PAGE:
English Language & Usage Stack Exchange is a question and answer site for linguists, etymologists, and serious English language enthusiasts. Join them; it only takes a minute:

Sign up
Here's how it works:
  1. Anybody can ask a question
  2. Anybody can answer
  3. The best answers are voted up and rise to the top

In the beginning of a sentence, should I capitalize abbreviations such as the following:

  • hPSC (human pluripotent stem cell)
  • mESC (mouse embryonic stem cell)
  • rDNA (recombinant deoxyribonucleic acid)

I have seen both lower and upper case for the two first, while rDNA always seems to be in lower case. I'm curious which is the linguistically correct form.

share|improve this question
Wikipedia, at least, seems to use the lowercase letter at the beginning of a sentence, for example see the article on mRNA: en.wikipedia.org/wiki/MRNA – jbeldock Apr 8 '13 at 23:46
Apparently, the Chicago Manual of Style's 16th edition includes a new provision permitting sentences beginning with a brand name (e.g. iPad, iPod) which starts with a lowercase letter to retain the lowercase letter: chicagomanualofstyle.org/about16_rules.html. This might be analogous. – jbeldock Apr 8 '13 at 23:51
Yeah, I use the same approach as Wikipedia on this one. I am, however, curious if there exist a correct and incorrect approach. I don't think the iPad rule applies since these are abbreviations rather than names, but it's an interesting one nonetheless. – cheflo Apr 8 '13 at 23:58
up vote 1 down vote accepted

Whenever you encounter a situation where a "rule" (such as begin a sentence with an upper case letter) will reduce the readability of your test (Is MESC the same as mESC?) then rewrite. Do not try to find a loophole or a special rule that will need to be explained or justified. The meaning of your text is paramount.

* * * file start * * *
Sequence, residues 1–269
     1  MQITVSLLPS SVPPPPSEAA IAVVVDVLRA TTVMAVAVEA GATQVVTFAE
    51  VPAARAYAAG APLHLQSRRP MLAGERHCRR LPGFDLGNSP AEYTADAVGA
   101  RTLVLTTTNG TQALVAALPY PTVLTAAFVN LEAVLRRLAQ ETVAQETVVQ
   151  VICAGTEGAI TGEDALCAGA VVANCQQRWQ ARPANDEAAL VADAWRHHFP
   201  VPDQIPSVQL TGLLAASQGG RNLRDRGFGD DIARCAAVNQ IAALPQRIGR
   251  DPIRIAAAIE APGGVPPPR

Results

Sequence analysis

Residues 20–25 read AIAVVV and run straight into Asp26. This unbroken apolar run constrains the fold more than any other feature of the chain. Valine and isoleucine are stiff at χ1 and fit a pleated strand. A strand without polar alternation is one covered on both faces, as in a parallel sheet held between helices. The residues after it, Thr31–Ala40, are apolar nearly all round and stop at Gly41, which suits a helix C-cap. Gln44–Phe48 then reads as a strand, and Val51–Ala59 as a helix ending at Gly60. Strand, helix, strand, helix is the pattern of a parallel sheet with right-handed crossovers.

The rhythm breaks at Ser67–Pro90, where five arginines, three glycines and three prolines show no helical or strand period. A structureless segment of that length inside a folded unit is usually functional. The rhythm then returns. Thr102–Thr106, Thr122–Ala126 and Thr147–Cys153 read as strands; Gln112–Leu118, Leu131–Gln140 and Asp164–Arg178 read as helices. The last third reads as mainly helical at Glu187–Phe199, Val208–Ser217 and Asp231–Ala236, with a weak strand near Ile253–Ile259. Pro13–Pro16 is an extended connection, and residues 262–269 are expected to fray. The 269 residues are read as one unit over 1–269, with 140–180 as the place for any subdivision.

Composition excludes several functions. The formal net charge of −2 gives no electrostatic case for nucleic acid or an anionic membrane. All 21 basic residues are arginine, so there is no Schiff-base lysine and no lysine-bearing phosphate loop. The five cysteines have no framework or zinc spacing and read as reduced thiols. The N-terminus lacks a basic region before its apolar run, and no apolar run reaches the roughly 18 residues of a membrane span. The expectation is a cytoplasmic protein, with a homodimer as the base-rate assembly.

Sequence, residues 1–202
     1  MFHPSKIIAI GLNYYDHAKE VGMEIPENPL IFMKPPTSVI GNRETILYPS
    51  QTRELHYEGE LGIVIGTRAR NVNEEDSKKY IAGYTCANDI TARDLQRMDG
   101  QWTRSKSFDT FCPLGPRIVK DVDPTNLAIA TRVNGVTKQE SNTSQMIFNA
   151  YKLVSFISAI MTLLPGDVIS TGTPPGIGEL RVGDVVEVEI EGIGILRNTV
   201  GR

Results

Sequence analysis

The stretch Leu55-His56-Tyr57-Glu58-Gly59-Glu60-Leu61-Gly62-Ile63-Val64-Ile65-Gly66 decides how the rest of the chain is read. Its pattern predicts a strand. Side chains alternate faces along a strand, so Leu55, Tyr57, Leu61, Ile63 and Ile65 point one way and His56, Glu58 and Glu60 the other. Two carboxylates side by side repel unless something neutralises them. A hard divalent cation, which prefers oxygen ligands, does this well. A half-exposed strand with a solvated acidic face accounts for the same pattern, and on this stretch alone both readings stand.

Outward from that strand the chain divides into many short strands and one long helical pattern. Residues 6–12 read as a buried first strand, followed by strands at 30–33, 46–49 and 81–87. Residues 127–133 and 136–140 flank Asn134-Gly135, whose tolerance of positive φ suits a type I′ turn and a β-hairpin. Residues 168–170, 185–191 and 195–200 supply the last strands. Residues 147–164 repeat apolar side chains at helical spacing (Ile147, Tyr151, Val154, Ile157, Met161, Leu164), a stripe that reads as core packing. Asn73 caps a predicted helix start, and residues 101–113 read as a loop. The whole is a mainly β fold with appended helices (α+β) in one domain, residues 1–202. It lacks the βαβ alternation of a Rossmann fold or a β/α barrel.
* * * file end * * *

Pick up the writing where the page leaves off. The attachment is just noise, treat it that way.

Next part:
There is a reason why chemistry texts do not begin a sentence about acids and bases with pH.

share|improve this answer
I side with your advice more than my own accepted answer, i.e. do away with the ambiguity altogether! – Andrew Cheong Apr 19 '13 at 20:32
Revisiting my question, I also prefer this advice as it explains the reasoning behind the rules of acheong87's answer. – cheflo Jun 19 '13 at 3:21

According to Scientific Style and Format: The CBE Manual for Authors, Editors, and Publishers (C B E Style Manual),

Even if the editor chooses a style that calls for initial capitalization of every term, some terms should retain an initial lowercase letter. [...] 3 A standard symbol or abbreviation that begins with a lowercase letter (pH, pK', mRNA).

Also, according to apsstylemanual.org,

An abbreviation that begins with a lowercase letter, or a term that must remain lowercase should not be changed to all caps when it begins a sentence; it should not be expanded. The word following should be is lowercase unless it is a proper noun or another acronym. If possible, reword the sentence so that it does not begin with the lowercase term

I don't see anything (other than the one regarding brand names) in the Chicago Manual of Style.

share|improve this answer

Your Answer


By posting your answer, you agree to the privacy policy and terms of service.

Not the answer you're looking for? Browse other questions tagged or ask your own question.